AFTER SPENDING almost 20 hours studying the pictures of the west face of Lunag Ri, I thought I’d finally found the line, which cleverly avoided objective hazards and verticality. It also seemed very blue, the sort of blue of which every mountaineer visiting Nepal dreams. Maybe I should have worried about the falling barometric pressure? Maybe I should have suspected something from the repeated rumbling above camp?
After sweating and stumbling, Pierre Sancier and I managed to establish a foothold on the Lunag Ri moraine, where we saw the evidence left by the anticyclone that had persisted across this part of Asia for a month. Instead of our long-antici- pated ice flows on the west face, we saw flood waters similar to the Arve River through Chamonix in spring. After a few seconds of contemplation we switched to plan B—from a west face to a north face, from Lunag Ri to Pangbuk North (6,589m, although mistakenly 6,748m on the HMG-Finn). The unusual heat in the Lunag cirque appeared to have left Pangbuk North unscathed.
In 2009, a French-Nepalese- Swiss team tried to summit Pang- buk North via the northeast face and southeast ridge, but turned around at about 6,150m after exiting the face at a notch on the southeast ridge. [The leader of this team claimed the first ascent of the mountain and attempted to name it after a corporate sponsor.] In 2013 the peak was climbed via a direct route up the northeast face (AAJ 2014). We decided to try to finish the 2009 route, which would involve very steep snow on the ridge immediately above the notch and would give us a full 1,000m to express ourselves between the bergschrund and the summit we now coveted.
At 3 a.m. on October 18 we could still hear Lunag Ri’s west face groaning, yet everything seemed quiet on Pang- buk North. We crossed the bergschrund at 5 a.m., the altimeter reading 5,450m. Shortly after, we reached the constriction at the bottom of the face, post-holing in soft snow. As the sun rose I had to take off my pack to climb the first block of vertical ice; I trailed a thin rope to haul the bag once I passed the crux. Spindrift was falling, making it seem as though I was breathing through a Ziploc bag. At the same time my fingers started to lose sensitivity, and when I reached the belay I was panting. By the time the steep- ness gave way to a long snow slope it was 7 a.m. The altimeter showed only 5,600m—a long way to go if we were to reach the summit that day.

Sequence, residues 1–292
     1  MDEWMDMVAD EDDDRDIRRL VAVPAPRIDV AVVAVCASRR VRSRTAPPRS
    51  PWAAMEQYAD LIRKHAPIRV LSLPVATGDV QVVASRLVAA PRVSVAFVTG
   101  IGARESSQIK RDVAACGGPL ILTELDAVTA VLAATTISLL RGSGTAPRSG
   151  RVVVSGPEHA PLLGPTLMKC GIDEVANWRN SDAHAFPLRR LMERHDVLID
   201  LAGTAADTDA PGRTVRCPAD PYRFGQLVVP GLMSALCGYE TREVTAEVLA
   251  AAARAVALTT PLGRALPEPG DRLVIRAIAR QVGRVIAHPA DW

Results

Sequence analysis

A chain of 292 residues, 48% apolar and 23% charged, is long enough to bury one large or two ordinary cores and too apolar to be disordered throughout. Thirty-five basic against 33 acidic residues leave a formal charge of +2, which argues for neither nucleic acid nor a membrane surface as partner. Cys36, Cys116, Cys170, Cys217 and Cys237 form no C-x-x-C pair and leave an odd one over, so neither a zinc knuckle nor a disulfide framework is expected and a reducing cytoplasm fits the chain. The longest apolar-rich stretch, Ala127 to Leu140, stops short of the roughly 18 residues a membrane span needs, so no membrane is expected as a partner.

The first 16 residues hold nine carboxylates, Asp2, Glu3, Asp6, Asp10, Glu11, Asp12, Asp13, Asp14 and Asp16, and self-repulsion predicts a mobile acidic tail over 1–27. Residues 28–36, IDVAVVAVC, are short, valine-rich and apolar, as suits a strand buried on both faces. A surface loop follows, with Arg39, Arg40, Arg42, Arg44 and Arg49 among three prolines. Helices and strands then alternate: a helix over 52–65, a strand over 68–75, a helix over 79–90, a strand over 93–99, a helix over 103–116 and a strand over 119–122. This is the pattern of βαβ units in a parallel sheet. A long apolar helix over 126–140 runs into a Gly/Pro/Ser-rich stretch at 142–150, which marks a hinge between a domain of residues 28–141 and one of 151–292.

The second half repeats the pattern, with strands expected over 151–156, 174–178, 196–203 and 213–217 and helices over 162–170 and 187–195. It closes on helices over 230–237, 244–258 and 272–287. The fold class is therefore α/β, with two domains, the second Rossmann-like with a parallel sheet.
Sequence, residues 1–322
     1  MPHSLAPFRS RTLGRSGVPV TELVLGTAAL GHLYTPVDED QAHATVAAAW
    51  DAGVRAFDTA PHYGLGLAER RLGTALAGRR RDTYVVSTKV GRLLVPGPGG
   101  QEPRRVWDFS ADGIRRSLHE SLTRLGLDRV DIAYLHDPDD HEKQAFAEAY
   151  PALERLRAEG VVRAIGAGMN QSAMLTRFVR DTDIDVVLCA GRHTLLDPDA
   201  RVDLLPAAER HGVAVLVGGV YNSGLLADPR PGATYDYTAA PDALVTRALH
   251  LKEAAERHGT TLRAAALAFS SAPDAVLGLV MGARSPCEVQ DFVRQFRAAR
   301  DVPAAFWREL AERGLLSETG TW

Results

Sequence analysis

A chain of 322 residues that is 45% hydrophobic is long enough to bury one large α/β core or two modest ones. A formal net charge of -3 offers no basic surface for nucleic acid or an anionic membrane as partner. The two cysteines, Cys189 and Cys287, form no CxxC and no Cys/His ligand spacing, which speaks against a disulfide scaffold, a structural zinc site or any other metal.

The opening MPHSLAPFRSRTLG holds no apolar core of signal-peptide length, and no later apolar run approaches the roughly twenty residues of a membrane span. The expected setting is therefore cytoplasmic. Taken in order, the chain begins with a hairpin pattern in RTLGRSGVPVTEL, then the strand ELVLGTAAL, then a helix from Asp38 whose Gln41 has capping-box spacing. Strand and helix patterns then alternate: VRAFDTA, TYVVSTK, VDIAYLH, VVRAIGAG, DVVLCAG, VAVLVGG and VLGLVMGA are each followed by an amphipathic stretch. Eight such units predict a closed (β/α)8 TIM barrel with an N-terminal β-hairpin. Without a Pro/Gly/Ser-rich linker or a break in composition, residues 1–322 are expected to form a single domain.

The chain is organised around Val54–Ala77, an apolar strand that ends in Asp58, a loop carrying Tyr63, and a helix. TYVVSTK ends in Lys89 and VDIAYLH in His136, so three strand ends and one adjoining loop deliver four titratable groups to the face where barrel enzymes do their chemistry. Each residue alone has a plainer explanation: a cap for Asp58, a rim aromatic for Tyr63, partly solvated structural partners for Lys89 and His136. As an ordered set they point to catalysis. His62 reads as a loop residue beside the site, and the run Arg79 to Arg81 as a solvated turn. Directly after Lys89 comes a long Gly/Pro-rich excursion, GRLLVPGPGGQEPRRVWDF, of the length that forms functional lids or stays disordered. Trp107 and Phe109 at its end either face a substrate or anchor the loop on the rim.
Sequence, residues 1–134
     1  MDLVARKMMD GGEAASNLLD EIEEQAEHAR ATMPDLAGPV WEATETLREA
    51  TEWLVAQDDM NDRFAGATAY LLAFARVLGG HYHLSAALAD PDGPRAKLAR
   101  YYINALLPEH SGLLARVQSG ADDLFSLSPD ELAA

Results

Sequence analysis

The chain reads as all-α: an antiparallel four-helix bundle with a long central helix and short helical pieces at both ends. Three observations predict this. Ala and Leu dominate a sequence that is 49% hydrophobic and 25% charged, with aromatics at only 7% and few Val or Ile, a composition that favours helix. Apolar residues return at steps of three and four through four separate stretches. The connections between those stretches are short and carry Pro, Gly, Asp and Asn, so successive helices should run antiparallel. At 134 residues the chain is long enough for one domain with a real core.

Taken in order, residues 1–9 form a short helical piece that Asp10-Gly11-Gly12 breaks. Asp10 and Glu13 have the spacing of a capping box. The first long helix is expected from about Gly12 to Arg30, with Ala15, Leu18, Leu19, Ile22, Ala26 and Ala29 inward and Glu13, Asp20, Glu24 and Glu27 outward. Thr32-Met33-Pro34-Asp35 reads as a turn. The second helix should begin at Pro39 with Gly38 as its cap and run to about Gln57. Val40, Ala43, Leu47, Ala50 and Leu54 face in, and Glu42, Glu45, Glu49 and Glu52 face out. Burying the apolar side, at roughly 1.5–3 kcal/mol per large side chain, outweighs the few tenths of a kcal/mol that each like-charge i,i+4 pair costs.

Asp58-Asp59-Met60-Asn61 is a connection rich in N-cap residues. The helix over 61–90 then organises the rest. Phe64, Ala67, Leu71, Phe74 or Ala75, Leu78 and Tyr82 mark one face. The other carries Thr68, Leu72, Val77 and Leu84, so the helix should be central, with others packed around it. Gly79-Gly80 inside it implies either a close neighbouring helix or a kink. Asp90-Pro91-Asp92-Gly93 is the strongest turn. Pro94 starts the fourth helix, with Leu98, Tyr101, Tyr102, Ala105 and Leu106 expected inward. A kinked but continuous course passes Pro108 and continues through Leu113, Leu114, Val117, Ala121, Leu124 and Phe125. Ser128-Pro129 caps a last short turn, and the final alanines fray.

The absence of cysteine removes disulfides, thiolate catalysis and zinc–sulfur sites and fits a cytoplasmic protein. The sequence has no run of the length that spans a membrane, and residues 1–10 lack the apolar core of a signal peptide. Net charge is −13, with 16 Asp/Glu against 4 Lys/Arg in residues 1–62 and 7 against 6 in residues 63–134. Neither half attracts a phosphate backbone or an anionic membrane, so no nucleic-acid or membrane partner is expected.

Three hours later we reached the last section before the ridge, finding 200m of beautiful ice. It was 10 a.m. and falling rock was beginning to ricochet close by. We took the most sheltered path; the pitches were interesting and varied. On the last pitch of mixed climbing we found pieces of fixed rope from the 2009 team. At the snow-covered notch, I took a quick glance at the ridge above and was temporarily demoralized: 400m to go and the next pitch looked really steep. Since Pierre was only interested in attempting this mountain as a second, I had agreed in advance to lead the entire route, and the idea of climbing the almost unpro- tectable snow pitch above the notch made me stop and think. When Pierre arrived at the ridge, we decided we’d stay the night there—after I’d led the 80° snow above and fixed our two ropes.
Somehow we managed to overcome the difficulties, return to our tent, rest well, and leave at dawn the following day. We ascended our ropes, after which the ground eased to 60°. At around 9 a.m., after traversing a gorgeous snow-covered ridge, we reached the summit and were treated to a breathtaking panorama over Tibet and four 8,000m peaks. The pleasure of witnessing such scenery left us blissfully happy. That night we rappelled 1,000m to reach the base of the mountain. To have been able to climb this elegant, logical, and technical route gave us tons of satisfaction.
– Max Bonniot, France
Summary: First complete ascent of the northeast face and southeast ridge of Pangbuk North in the Rolwaling Himal, by Max Bonniot and Pierre Sancier. The route was named Tolérance Zéro (1,100m, ED- WI5 80°). This report was translated by Fanny Deplace.